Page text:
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Old 05-16-2004, 11:50 PM   #1 (permalink)
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Default Install electronic constant rate turn signal relay

The stock signal light relay is designed to flash at a DOT approved rate when it has the resistant of two bulbs. If one of the bulbs is removed or burns out it flashes at a much faster rate to bring to your attention that something is wrong with a turn signal. Sounds and works great until you replace your turn signals with smaller lower resistance bulbs or very low resistance LEDS. When this is done the stock relay will see this reduced resistance as a problem and flash at a very fast rate. While some think this is cool or draws attention I think it only draws the wrong type of attention from law enforcement as everyone knows a fast flash rate is signal light problem. Best case they ignore you, worse case they use it as an excuse to pull you over and discuss your none DOT lights ect… because I don’t like a fast flash and want to avoid LE attention I decided to avoid this problem during planned upcoming mods of VFX DrX kit and LED front turn signals.

There are two choices to fix this problem. The first is the often discussed and recommended flash equalizer and the second is replacing your turn signal relay with a constant rate turn signal relay.

Option 1 - Flash Equalizer
The flash equalizer is just a resistor that you add to your signal light wiring.


This resistor gives your relay the same resistance as the light bulb and makes it flash at the correct rate. After some research I don’t like them for a few reasons.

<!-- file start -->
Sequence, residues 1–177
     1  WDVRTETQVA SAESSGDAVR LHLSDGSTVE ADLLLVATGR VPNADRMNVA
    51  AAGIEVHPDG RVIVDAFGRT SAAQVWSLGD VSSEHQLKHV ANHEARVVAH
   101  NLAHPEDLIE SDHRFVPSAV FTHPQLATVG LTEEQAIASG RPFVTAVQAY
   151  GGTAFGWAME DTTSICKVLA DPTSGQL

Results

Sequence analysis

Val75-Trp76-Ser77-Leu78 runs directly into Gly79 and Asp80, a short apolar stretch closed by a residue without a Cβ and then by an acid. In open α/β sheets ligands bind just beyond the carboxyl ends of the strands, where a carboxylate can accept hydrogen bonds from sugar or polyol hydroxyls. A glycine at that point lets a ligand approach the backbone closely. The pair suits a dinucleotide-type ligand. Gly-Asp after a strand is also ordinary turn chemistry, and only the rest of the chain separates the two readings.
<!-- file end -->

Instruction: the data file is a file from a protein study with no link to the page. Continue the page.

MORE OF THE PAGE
1. Good ones with heat sinks like those offered by VFX
http://www.vfxkits.com/pr_equalizer.html are expensive.
2. Cheap ones tend to burn out
3. Resistors get hot
4. Harder to install than the replacement relay
5. Increases the number of parts
6. Often two are needed – one for left and one for right
7. Sometimes you have to add two of them when front and rear signal are both LEDS. See problems above X 2. If you have separate left and right units it could mean 4.

Option 2 – Preferred – Replace stock relay
The second choice is to remove your stock relay and replace it with an electronic flasher relay that flashes at a set rate regardless of resistance (0 bulbs or 10 bulbs).


I prefer this because
1. Number of parts stays the same and nothing is added
2. Easier to install
3. Much cheaper
4. Nothing to do regardless of how many bulbs are replaced or added.

Anyway I prefer option 2 so on with how to install on an 03/04 zx6r/rr.

Step 1 – Purchase replacment relay. Go to your local auto store and buy a two terminal electronic flasher relay which should cost about $5. See picture above.

Step 2 – Use your key to remove the rear seat or cowl.


Step 3 – Remove the bolt shown in the picture with a 10mm wrench or socket, slide lever to the right and remove the front seat.


Step 4 – Locate the relay shown in the picture and pull it up off the rubber holder.


Step 5 – Confirm you have the right relay by checking the writing on the side.

Double confirm by unplugging relay and check turn signals don’t work.

Step 6 – Stick some temporary wires between the new relay and stock connector wiring relay terminal L to the orange wire. Test to make sure the turn signals work and remove a bulb to make sure it flashes at the same rate with a bulb missing. If rate changes it's back to the store as you’ve got the wrong relay. If all ok proceed below.

Step 7 – Remove the rubber holder from the stock relay and tape through around to put it on the side of the new round relay.


Choice time as you can either cut off the stock connector and solder in the new relay or use tap connectors on the stock wiring and a push on connector for the relay. I’m not big on tap connectors so I wired in the new relay.